“The main benefits of social media include sharing perspectives on topics of interest among and between different stakeholders. As a patient and patient advocate, I engage in Twitter conversations often, many of these with radiologists and radiation oncologists. For example, several recent Twitter conversations included: should or how should physicians ask about smoking in the context of lung cancer and lung cancer screening, a discussion around an article that addresses how physicians talking about patients as diseases and not as individuals may impact care, and another about an article, “Doctors told to ditch Latin and use plain language”. A post with an article about a person who was both a doctor and a patient resulted in a weekend-long discussion about patient access to medical records and evolved into a discussion about social determinants of health and then moved to pharmaceutical companies’ influence on physicians “caving in to patients” who want prescriptions they found out about through TV advertising. These conversations help radiologists and patients understand each other’s context. I have seen physicians change to become more aware of patients and patient challenges as they interact in these Twitter conversations.

  The benefits of social media are not just the conversation; they include the benefit of having dozens of people curate articles of interest from multiple sources all around the world. And arguably the best benefit of social media is meeting people you would never meet in your daily life. Many of the radiologists and radiation oncologists I met on Twitter I eventually did end up meeting in real life because of our Twitter connection. Some of these contacts resulted in collaborative work on projects and grants. I encourage all radiologists to join our social media community and become part of the journey to improved patient engagement and patient- and family-centered care.”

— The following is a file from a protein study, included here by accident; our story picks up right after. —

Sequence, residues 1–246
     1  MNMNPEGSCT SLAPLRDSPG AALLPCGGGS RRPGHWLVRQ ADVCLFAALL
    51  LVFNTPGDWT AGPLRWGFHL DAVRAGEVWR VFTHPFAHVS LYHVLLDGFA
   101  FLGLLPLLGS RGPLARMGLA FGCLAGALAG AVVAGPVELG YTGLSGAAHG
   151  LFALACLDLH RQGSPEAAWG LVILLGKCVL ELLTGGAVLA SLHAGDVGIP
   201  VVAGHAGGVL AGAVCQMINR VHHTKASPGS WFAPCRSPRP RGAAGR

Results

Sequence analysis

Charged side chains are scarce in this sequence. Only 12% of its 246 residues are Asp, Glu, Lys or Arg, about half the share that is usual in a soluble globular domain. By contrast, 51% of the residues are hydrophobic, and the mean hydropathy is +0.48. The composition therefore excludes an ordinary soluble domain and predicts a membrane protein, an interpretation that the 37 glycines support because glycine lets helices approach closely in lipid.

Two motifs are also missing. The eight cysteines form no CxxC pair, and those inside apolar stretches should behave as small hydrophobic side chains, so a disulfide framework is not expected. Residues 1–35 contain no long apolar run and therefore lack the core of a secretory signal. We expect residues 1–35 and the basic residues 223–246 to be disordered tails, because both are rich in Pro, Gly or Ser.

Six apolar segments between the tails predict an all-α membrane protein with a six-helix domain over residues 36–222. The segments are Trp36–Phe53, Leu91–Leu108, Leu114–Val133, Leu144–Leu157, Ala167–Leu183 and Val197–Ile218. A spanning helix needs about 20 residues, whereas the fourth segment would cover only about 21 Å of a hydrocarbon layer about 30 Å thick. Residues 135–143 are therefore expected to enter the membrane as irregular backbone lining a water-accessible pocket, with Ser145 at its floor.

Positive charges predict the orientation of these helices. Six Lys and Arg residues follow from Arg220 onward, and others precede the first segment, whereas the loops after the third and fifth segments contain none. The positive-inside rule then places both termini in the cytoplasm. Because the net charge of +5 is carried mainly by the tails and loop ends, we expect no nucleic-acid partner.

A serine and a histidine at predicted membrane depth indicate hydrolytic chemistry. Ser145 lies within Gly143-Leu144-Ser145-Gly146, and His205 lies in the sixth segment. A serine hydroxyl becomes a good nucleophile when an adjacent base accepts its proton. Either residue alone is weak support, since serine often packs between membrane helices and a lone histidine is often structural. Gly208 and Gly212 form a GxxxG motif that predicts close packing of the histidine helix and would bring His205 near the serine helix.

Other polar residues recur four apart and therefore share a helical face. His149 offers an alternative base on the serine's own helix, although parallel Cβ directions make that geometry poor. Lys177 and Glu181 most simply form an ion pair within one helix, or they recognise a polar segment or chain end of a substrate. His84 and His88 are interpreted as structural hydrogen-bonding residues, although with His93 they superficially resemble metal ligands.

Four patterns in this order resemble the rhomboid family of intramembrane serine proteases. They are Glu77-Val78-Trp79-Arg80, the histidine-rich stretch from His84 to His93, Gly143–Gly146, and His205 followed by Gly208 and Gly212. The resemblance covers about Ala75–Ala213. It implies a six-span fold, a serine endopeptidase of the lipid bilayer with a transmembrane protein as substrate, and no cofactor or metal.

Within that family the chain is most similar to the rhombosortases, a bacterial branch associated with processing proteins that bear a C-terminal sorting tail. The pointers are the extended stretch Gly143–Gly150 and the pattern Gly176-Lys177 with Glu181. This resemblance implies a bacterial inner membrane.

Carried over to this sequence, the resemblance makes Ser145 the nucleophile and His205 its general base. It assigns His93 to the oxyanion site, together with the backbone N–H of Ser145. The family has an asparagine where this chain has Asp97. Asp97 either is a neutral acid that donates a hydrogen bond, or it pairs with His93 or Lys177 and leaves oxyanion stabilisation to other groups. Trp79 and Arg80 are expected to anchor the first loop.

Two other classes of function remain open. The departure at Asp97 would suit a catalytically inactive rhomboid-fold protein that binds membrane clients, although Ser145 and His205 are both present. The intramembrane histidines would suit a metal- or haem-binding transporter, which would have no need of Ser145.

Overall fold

One of the most valuable aspects of radiology on social media is that it provides patients with easy access into who their healthcare providers are both professionally and personally. The informal nature of social media helps break the ice between the doctor and them much more so than in the clinical setting where the doctor in the white coat is the authority and helps humanise radiologists in the eyes of their patients, as well as create awareness that radiologists are in fact doctors and not mere technicians.  Social media has furthermore proved to be a valuable tool for patient education and creating awareness on diseases and misinformation, as well as to connect patients with the appropriate doctor for their care.

Amy K. Patel, MD, Clinical Assistant Professor, University of Missouri-Kansas City School of Medicine